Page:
For a long time, the communities in Preah Vihear province of Cambodia were completely dependent on natural resources that provided them sufficient food and other needs. There was solidarity among the people. But in recent years, climate change caused drought, floods, storms, irregular rainfall and temperature throughout the year, severely affecting food production, cultural and livelihood activities. Food insecurity stalked six villages with around 500 indigenous Kui families.
Besides climate change, massive deforestation due to logging and reduction of their lands due to economic land concessions led to the loss of traditional occupations, reduction of agricultural output, lack of food, loss of income, and people’s anxiety. Many were mired in debt to microfinance institutions for their daily needs. Circumstances pushed Kui people to migrate for work, or engage in illegal logging to survive. Their cultural practices were undermined and they needed to strengthen their traditional knowledge and sustainable resource management systems to adapt to climate change and for food security. The impacts of land concessions to their livelihoods and environment compelled the Kui people to learn community action through group meetings and discussions.
The Kui people responded through awareness-raising on climate change and disaster risk response that involved hundreds of participants, significantly women and local authorities from the district, commune and village levels. They threshed out community issues such as rights to traditional land use, natural resource management, and diminishing traditional livelihoods. This learning process led to the revival of traditional practices such as resin-gathering, helping each other in farming, exchange labour in shifting cultivation and harvesting, hunting, cattle raising, NTFP harvesting, fruit and vegetable farming.
As agreed upon during community meetings, it was most practical and necessary to form cash saving groups, rice saving groups and build rice granaries in several villages. Community members realized the need in the context of food security through rice granary management and as a mechanism and response to disaster risk management. Rice barns are essential in every community and the rice saving group was to ensure that their communities are actively involved in addressing the challenges and impact of climate change.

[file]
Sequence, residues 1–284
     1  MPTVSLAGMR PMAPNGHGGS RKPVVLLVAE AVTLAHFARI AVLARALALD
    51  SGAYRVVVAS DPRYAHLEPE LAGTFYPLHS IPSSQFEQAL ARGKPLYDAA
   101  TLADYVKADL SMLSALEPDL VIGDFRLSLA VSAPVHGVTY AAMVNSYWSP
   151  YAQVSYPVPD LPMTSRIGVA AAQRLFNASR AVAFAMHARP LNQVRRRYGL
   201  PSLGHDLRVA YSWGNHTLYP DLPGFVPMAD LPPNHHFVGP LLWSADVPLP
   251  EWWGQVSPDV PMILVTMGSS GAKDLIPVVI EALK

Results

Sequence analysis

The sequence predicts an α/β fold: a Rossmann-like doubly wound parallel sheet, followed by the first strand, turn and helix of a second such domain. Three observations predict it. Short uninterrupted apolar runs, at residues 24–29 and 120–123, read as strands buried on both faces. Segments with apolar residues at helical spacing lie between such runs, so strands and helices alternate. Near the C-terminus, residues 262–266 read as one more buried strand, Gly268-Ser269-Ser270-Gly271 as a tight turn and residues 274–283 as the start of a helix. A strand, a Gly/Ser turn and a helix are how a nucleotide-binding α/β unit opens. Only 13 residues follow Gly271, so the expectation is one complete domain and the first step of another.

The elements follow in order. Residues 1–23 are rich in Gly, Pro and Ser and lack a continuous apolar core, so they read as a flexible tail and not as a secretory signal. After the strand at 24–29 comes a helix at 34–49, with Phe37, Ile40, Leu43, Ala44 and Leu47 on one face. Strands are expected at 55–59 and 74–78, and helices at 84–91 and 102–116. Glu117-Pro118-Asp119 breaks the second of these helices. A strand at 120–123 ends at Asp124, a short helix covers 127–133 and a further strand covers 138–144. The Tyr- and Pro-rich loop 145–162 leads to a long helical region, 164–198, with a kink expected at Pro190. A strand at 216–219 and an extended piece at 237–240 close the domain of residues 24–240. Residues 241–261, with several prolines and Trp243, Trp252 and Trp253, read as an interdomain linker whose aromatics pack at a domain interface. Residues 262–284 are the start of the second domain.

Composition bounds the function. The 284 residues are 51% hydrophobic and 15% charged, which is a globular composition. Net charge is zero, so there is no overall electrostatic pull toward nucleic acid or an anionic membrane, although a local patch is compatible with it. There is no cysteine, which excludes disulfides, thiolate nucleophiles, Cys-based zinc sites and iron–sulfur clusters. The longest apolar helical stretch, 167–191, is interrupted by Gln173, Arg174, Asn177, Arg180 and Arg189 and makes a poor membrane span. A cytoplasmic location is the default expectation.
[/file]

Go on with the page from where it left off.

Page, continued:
The rice granary management training was implemented in six villages and community members learned techniques in pre- and post-harvest of rice such as quality and quantity of rice based on speed and duration of harvesting and drying. Tips were given on barn management and rice storage such as better moisture, amount of oxygen, pest control, and other preventive measures of wastage.
There is food security with seed banking of different rice varieties and food crops. Communities realize that seed banks are safe location for their traditional seeds and they distinguish the domestic from external seeds. Sadly, there is gradual loss of some traditional seeds and rapid flow of new or external seeds into indigenous farming sites. The communities resolved to conserve their traditional seeds and reminded the youth to be aware and interested in holding on to their traditional seeds for the future.
The documentation of the village history included traditional and cultural practices in resource management, such as praying to the rice spirit for better yields, appreciation of the forests as sacred places of spirits and source of traditional livelihoods. They also produced a video documentary about the communities’ assertion of rights to land title and forest use, their beliefs, and the challenges they face. The publication of materials on traditional knowledge and related cultural practices for climate resilience was used for inter-community learning with focus on the youth. The training enabled community representatives to learn from each other, understand the indigenous peoples’ rights to land, forest, natural resources and environment, FPIC, UNDRIP, concept and advantages of REDD+; and to make plans and strategies for their communities.
The project raised awareness on climate change and enhanced the use of traditional knowledge of the Kui people to increase their resilience to climate change particularly on food security. The project concluded with six communities’ enhanced resilience to climate change. They have rice granaries, seed banks, their traditional knowledge, their solidarity and cooperation to mitigate the harms of climate change.
The project “Strengthening IP traditional Knowledge and Adaptation to Climate Change” was implemented in 2017 by the Organization for the Promotion of Kui Culture in Cambodia with support from PAWANKA Fund.